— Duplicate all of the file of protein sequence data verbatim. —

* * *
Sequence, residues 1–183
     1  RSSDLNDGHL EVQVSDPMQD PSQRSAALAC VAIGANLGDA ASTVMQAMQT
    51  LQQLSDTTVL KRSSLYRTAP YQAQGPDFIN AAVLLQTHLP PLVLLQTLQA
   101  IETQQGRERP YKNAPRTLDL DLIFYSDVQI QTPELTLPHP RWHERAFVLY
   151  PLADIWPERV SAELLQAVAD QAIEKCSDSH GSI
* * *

Sequence, residues 1–183
     1  RSSDLNDGHL EVQVSDPMQD PSQRSAALAC VAIGANLGDA ASTVMQAMQT
    51  LQQLSDTTVL KRSSLYRTAP YQAQGPDFIN AAVLLQTHLP PLVLLQTLQA
   101  IETQQGRERP YKNAPRTLDL DLIFYSDVQI QTPELTLPHP RWHERAFVLY
   151  PLADIWPERV SAELLQAVAD QAIEKCSDSH GSI